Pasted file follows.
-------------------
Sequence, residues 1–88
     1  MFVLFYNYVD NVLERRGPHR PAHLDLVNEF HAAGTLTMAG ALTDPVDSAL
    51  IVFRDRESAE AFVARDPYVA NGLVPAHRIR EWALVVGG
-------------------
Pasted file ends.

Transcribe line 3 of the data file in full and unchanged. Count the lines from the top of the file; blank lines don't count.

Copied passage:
    51  IVFRDRESAE AFVARDPYVA NGLVPAHRIR EWALVVGG